Speaking (11-14 minutes): The test is a face-to-face interview. Candidates are assessed on their use of spoken English to answer short questions, to speak at length on a familiar topic, and also to interact with the examiner.
The first three modules – Listening, Reading and Writing – must be completed in one day. There is no break between the modules. The Speaking Module may be taken, at the discretion of the test centre, in the period seven days before or after the other modules.
A computerised version of IELTS Listening, Reading and Writing Modules (CBIELTS) is available at selected centres, but all centres will continue to offer paper-based IELTS and candidates will be given the choice of the medium in which they wish to take the test.
IELTS Scores on the doors!
Based on the Test, each module is reported separately as a Band Score, together with an Overall Band Score reported as a whole band or a half band.
9 Expert User
Has fully operational command of the language: appropriate, accurate and fluent with complete understanding.
8 Very Good User
Has fully operational command of the language with only occasional unsystematic inaccuracies and inappropriacies. Misunderstandings may occur in unfamiliar situations. Handles complex detailed argumentation well.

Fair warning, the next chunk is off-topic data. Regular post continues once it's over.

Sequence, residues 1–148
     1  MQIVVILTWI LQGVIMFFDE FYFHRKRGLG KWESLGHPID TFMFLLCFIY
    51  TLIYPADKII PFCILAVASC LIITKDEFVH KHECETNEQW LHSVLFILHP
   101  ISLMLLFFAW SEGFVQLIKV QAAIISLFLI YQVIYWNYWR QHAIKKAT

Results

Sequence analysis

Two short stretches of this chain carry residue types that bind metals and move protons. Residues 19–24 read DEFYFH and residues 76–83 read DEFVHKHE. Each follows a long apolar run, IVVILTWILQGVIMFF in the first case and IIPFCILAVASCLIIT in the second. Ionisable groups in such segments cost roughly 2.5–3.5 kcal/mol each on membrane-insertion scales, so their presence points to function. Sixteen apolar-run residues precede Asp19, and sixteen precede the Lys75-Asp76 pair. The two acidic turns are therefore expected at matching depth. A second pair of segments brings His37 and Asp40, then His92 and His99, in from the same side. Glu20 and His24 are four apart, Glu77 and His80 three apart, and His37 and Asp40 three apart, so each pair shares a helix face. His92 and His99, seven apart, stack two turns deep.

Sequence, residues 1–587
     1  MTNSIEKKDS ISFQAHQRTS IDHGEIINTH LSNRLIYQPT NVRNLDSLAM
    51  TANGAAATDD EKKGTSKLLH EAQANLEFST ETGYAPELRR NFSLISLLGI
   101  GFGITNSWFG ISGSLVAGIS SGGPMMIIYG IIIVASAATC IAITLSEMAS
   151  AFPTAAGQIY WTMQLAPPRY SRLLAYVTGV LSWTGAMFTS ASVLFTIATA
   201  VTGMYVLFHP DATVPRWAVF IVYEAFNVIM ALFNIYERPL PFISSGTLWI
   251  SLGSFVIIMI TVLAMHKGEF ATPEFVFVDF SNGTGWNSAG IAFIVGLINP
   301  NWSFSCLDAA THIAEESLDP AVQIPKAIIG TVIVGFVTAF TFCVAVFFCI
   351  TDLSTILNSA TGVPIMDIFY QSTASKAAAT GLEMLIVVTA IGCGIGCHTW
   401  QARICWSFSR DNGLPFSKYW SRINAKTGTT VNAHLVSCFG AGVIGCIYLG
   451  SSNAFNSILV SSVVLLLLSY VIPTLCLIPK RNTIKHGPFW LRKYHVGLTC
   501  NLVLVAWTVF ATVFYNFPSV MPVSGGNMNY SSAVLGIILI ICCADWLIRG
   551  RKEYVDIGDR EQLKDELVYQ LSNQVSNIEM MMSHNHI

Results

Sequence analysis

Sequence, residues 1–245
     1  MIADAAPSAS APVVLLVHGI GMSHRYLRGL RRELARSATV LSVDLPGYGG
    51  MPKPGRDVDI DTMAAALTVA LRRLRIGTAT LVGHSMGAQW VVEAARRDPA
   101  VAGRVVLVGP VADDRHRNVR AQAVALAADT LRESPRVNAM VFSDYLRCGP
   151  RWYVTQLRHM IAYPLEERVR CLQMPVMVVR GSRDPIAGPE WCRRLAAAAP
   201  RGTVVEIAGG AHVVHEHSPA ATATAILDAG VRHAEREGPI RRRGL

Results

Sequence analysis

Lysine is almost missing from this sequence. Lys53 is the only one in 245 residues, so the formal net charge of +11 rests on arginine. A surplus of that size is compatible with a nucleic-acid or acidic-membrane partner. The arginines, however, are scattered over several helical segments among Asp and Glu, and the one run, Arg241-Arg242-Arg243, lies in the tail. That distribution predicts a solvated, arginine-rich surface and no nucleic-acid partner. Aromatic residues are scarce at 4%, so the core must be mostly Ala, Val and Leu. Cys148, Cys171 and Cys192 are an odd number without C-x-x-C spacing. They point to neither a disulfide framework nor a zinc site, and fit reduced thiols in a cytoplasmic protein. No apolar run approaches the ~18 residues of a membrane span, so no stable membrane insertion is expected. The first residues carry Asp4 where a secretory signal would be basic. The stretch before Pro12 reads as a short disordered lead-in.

7 Good User
Has operational command of the language, though with occasional inaccuracies, inappropriacies and misunderstandings in some situations. Generally handles complex language well and understands detailed reasoning.
6 Competent User
Have generally effective command of the language despite some inaccuracies, inappropriacies and misunderstandings. Can use and understand fairly complex language, particularly in familiar situations.
5 Modest User
Has partial command of the language, coping with overall meaning in most situations, though is likely to make many mistakes. Should be able to handle basic communication in own field.
4 Limited User
Basic competence is limited to familiar situations. Has frequent problems in use of complex language.
3 Extremely Limited User
Conveys and understands only general meaning in very familiar situations. Frequent breakdowns in communication occur.
2 Intermittent User
No real communication is possible except for the most basic information using isolated words or short formulae in familiar situations and to meet immediate needs. Has great difficulty understanding spoken and written English.
1 Non User
Essentially has no ability to use the language beyond possibly a few isolated words.
0 Did not attempt
No assessable information provided. Candidate may have failed to sit for the test
Test Registration and Administration
IELTS management is centrally controlled but the administration of the test takes place in local test centres.
This guarantees flexibility and adaptability, and ensures a very rapid turn around from registration to results. Most centres conduct a testing session at least once a month and more often at peak times. Special test sessions can be arranged for particular sponsors or organizations according to the global IELTS test date schedule. Information on the availability of test sessions at centres can be found on the IELTS Web-site
IELTS Test Centres
IELTS tests are administered at centres throughout the world – there are currently nearly 300 centres, in over 100 countries. Centres supervise the local administration of the test and ensure the provision of qualified and trained examiners. A full list of centres is available on the IELTS website.